According to Butler Director and Chief Curator, Dr. Louis Zona, "This painting is a most wonderful addition the museum's prestigious collection. It is a complement to 'Snap the Whip,' painted in 1872 before Wood's painting, and both works are great examples of American 19th Century genre painting. Both parallel the writings of the period by American master, author Mark Twain (1835-1910)."
"Mumble the Peg" depicts three young boys engaged in the popular pastime of tossing a jack knife so that its blade sticks firmly in the ground. At the left, a boy with jack knife in hand, takes his turn while the others watch intently. The informality and naturalness of their poses reveals the influence of Wood's mentor, Thomas Eakins (1844-1916).
James Longacre Wood was best-known as a genre and portrait painter. (The term genre is used to describe works that represent ordinary people engaged in everyday activities.) He studied at the Pennsylvania Academy of the Fine Arts and later the Art Students' League of Pennsylvania. In 1887, he arrived in Paris where he was a student of Jean-Léon Gérome at the École des Beaux-Arts. Upon his return to America, he became an instructor at the Drexel Institute, where he remained until 1905. His work was included in exhibitions of note, including those at the Pennsylvania Academy of the Fine Arts, and at the Art Institute of Chicago. Wood died in Philadelphia in 1938.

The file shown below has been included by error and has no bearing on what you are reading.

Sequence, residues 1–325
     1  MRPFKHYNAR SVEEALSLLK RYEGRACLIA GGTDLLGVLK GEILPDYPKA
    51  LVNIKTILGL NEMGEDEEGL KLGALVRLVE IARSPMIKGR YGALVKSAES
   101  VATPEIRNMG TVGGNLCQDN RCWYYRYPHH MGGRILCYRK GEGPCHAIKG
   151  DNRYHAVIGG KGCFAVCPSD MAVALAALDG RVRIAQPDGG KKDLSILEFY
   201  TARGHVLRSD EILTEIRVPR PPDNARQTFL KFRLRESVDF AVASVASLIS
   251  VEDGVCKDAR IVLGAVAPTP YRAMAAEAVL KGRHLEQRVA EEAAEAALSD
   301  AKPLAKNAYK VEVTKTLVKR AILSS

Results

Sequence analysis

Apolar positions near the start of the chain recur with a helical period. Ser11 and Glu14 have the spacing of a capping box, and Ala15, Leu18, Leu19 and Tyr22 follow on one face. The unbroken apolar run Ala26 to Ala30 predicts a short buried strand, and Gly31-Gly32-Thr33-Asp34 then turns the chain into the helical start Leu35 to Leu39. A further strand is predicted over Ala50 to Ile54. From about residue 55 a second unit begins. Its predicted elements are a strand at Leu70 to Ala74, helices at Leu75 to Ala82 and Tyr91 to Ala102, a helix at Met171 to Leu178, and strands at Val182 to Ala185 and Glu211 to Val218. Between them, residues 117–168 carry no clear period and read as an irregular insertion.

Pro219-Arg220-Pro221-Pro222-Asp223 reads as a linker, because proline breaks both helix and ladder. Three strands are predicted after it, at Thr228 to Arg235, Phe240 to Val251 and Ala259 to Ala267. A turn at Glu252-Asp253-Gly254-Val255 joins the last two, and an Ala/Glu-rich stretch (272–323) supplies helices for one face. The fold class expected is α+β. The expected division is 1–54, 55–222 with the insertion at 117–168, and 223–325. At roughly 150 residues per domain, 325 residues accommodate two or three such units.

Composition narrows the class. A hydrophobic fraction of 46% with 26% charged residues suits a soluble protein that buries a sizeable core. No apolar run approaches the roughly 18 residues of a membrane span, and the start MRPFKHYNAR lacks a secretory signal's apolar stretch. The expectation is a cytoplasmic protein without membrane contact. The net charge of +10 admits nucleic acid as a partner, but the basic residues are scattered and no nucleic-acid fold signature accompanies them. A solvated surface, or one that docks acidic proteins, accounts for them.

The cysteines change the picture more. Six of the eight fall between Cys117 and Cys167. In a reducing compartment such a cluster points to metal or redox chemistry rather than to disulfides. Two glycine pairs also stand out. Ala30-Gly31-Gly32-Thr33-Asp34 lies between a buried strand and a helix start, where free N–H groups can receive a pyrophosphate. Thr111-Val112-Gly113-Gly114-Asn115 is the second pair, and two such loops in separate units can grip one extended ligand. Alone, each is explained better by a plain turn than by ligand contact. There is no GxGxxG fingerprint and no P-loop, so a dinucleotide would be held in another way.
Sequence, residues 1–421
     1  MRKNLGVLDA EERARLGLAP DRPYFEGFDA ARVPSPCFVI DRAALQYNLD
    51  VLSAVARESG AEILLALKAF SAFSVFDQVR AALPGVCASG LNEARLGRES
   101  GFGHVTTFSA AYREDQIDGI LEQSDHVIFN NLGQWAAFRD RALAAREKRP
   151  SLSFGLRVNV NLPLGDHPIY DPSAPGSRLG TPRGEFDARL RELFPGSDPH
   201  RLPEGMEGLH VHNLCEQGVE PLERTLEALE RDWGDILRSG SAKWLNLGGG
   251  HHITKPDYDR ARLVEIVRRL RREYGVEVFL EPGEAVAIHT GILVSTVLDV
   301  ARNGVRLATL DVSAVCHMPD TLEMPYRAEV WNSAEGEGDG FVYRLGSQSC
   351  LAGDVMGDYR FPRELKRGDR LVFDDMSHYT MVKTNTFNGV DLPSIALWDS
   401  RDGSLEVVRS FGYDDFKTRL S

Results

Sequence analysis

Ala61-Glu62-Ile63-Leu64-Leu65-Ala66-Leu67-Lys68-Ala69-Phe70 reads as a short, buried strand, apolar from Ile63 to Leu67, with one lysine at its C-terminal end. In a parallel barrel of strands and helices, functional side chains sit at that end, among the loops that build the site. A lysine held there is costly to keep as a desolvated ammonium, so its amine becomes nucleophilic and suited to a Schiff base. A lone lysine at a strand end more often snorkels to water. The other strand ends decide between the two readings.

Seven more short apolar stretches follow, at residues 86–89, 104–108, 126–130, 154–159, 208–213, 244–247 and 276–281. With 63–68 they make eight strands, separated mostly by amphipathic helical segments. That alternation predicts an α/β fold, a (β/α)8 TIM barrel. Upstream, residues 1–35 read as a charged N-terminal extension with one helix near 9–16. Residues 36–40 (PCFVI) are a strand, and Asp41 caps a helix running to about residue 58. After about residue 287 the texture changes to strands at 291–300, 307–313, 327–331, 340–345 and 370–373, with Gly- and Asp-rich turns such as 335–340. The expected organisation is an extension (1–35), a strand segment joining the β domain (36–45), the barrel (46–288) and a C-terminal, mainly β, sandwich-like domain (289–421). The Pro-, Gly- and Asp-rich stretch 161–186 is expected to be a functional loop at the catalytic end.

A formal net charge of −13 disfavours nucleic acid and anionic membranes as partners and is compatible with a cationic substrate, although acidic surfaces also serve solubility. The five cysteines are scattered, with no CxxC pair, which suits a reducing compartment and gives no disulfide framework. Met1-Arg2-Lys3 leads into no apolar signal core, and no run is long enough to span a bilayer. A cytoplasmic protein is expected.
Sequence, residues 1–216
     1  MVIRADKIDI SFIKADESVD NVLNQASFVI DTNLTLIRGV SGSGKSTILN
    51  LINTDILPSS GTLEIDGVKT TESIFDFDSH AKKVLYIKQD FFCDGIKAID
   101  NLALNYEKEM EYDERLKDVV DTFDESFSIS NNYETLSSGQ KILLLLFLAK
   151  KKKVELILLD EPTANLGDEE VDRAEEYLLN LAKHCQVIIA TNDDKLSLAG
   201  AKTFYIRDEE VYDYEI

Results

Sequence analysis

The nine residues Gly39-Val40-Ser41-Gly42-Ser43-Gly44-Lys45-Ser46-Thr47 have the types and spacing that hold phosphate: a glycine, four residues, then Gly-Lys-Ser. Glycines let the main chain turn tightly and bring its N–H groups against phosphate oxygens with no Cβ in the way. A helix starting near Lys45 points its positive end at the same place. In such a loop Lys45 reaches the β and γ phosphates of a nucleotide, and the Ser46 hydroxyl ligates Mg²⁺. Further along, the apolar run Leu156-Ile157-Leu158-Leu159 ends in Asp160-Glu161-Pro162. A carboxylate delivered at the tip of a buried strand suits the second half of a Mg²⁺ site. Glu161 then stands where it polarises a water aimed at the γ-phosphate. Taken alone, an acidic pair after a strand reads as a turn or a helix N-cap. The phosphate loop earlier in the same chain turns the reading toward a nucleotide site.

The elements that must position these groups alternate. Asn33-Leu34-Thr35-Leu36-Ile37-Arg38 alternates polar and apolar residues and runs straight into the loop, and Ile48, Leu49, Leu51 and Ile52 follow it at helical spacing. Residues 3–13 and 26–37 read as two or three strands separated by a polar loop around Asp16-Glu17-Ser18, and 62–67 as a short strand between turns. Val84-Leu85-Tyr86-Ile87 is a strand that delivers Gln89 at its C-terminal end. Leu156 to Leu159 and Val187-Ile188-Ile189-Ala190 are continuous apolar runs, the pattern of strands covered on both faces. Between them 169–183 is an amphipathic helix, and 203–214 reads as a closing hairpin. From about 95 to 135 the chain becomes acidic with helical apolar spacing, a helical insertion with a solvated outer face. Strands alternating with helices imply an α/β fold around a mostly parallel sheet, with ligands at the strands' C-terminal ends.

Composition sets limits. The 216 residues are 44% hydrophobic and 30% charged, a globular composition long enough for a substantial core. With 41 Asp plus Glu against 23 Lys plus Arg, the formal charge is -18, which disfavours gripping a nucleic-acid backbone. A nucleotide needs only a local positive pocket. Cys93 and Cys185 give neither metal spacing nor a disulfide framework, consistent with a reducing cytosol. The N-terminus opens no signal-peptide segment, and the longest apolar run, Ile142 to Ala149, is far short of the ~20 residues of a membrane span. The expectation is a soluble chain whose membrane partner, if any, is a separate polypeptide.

"Mumble the Peg" was purchased by the Butler Institute with funds earmarked for the acquisition of historic art works, donated by the late Max Draime and Cecile M. Draime in 1997. The work will be installed in the Butler's Cushwa Gallery, near other works of the era including Homer's "Snap the Whip." For further information, contact Kathryn Earnhart, 330.743.1107, ext. 123.
Butler Art Museum Acquires Pierre Soulages Mural
July 2010 (Youngstown) – Pierre Soulages (born 1919), an internationally renowned artist of French origin, has a worldwide following. Recently, the Pompidou Centre in Paris hosted a retrospective of work by Frances famed “painter of black,” drawing from collections around the globe to honor Soulages, a French cultural icon. In 1968, Pierre Soulages created a site-specific tile mural commissioned by the owners of One Oliver Plaza, a building in Pittsburgh. In the spring of 2009, the Oliver building was sold and the new owners planned to remove the 14 x 20 foot mural, composed of 294 individual, hand-formed ceramic tiles.